FOX43 Finds Out: You’re a victim in the Equifax data breach…now what?

YORK, Pa — If you have a credit card, loan or mortgage, it’s likely the credit reporting agency Equifax has a lot of your information.

Recently, Equifax disclosed the personal information of 143 million Americans may have been exposed in a recent hack, which means there’s a good chance you’re impacted.

The agency’s CEO, Rick Smith, says everything from social security numbers, birth dates, addresses and driver’s license numbers may have been accessed between mid-May and July.

“This is clearly a disappointing event and one that strikes at the heart of who we are and what we do. I deeply regret this incident,” said the CEO.

Now, Equifax is trying to right the wrong.

For starters, you can go to the company’s website to see if you could be a victim.

There is also a call center to answer questions.

It’s also offering free credit file monitoring and identify theft protection – called Trusted ID Primier.

There was even drama with that.

Originally, if you signed up for Trusted ID it would mean you waived your right to arbitration or filing a class action suit.

That spread around the internet pretty quickly, Equifax now says those terms of use – do not apply in this cyber security incident.

Even so, financial experts like Sean Clark of York Independents are skeptical.

“A monitoring service will supposedly just let you know when a new line of credit is established so it’s kind of like notifying the horse has already left the barn. We can be a little more proactive about that.”

Clark’s advice is to put a freeze on your credit which restricts access to your credit report.

Meaning no one can open a credit card or get a loan in your name.

“This doesn’t negatively impact your credit. There’s no derogatory impact at all. It’s just a protection measure,” said Clark.

Freezing isn’t free though.

It could cost you to $5 to $10  a year per credit bureau and you’ll have to call each bureau to set up a freeze.

There is also another downside, freezing means you can’t open a new line of credit either, until you unfreeze it.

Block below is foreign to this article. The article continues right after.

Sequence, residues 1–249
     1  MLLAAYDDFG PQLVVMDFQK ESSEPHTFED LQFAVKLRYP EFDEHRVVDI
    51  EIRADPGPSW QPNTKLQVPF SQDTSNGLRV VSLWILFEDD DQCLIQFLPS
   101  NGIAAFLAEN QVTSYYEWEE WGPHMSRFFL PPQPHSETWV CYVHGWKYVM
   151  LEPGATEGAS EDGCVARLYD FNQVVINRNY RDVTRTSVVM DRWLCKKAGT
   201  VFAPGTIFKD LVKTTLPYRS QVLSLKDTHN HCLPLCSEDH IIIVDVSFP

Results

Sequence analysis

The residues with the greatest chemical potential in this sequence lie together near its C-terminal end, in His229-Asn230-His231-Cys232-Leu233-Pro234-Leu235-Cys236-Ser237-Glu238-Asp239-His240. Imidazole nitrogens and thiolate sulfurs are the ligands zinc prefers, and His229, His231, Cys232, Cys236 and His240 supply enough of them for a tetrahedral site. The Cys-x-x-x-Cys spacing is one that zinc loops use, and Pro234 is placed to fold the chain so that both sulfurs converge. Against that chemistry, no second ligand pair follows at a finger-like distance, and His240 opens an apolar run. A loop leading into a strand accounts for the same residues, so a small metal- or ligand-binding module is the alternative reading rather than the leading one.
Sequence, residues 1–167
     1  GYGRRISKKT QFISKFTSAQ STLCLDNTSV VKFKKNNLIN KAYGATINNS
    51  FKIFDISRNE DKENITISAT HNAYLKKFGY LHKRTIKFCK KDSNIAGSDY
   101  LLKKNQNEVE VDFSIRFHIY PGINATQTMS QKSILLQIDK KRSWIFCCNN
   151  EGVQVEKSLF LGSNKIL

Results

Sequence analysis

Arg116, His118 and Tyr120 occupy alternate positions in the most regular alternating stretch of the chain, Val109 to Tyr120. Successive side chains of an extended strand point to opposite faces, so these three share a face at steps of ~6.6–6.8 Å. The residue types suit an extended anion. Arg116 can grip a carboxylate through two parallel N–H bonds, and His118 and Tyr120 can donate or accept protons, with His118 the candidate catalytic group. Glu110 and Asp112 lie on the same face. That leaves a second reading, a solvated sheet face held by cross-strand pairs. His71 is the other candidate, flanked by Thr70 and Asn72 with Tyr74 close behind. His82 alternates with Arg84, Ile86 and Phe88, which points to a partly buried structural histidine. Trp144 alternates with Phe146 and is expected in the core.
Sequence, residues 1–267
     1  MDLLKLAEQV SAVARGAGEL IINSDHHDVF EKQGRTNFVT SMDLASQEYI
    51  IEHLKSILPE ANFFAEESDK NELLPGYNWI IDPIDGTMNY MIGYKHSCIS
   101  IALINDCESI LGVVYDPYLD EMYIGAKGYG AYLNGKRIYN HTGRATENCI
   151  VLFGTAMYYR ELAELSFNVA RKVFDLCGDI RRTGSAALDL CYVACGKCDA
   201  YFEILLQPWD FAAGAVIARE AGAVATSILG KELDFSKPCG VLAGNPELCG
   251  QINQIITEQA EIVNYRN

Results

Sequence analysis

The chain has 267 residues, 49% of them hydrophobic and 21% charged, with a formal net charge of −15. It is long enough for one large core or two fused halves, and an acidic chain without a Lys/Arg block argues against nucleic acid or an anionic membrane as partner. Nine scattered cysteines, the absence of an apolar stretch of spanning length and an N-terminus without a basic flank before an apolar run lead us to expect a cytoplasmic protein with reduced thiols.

Clark says “Will it make it a little more difficult to go impulse buy that couch and get the line of credit for the store card for $1,000? Yeah it will. That’s definitely an impact. But then again, but if you can’t wait three days for them to unlock your credit so you can get a couch maybe you didn’t need that couch in the first place.”

Even Clark himself found out his personal information was impacted by the breach.

“I immediately called all of the credit bureaus, all 4 credit bureaus and got a freeze put on to my information.”

Yes, 4 credit bureaus. Clark says a lot of people have only heard of three.

“So there’s Equifax, Experian, TransUnion and one call Innovis.”

 

In Pennsylvania, most credit freezes last for 7 years. You may have to pay a fee every time you “un-freeze” or “thaw” or credit in that time period.

“This is a very long standing threat. So essentially as long as you own your identity, you are under threat now because that personal information has been breached.”

There are already dozens of class action lawsuits filed across the united states against Equifax and 36 US senators called on federal authorities to look into the breach.

Pennsylvania Attorney General Josh Shaprio says he is leading the national investigation into the credit reporting agency.

He twitted out a photo saying in part “Pennsylvania is taking the lead and investigating the Equifax data breach that impacted up to 143 million Americans.”

Here’s a recap of what you can do right now.

You can sign up for free credit monitoring service through Equifax right now, although not all financial experts think this is the best method.

You could sign up for fraud alerts.

This flags your credit report and requires creditors to take additional steps to verify that you are actually the one getting a new credit card or loan.

You can freeze your credit, Equifax has also said it will waive the fee to freeze your credit with until at least October 11th.

Here’s the only issue with a credit freeze.

Once you do that, you get a generated pin number.

That number allows you to freeze and unfreeze your account.

If a hacker finds out your pin, they can unfreeze your account and still open lines or credit or, if they wanted to, they could freeze your account and lock you out.

People have even been reporting that when pin number’s they’ve received are just the time stamp of when you activate the pin.

So that might be pretty easy to figure out.

Your best bet may be to call each credit bureau  Experian (1-888-397-3742), Equifax (1-800-349-9660), TransUnion (1-888-909-8872), and Innovis (1-800 540-2505.

This article has been updated. In a previous version, the story stated you had to pay for a credit freeze each year in Pennsylvania.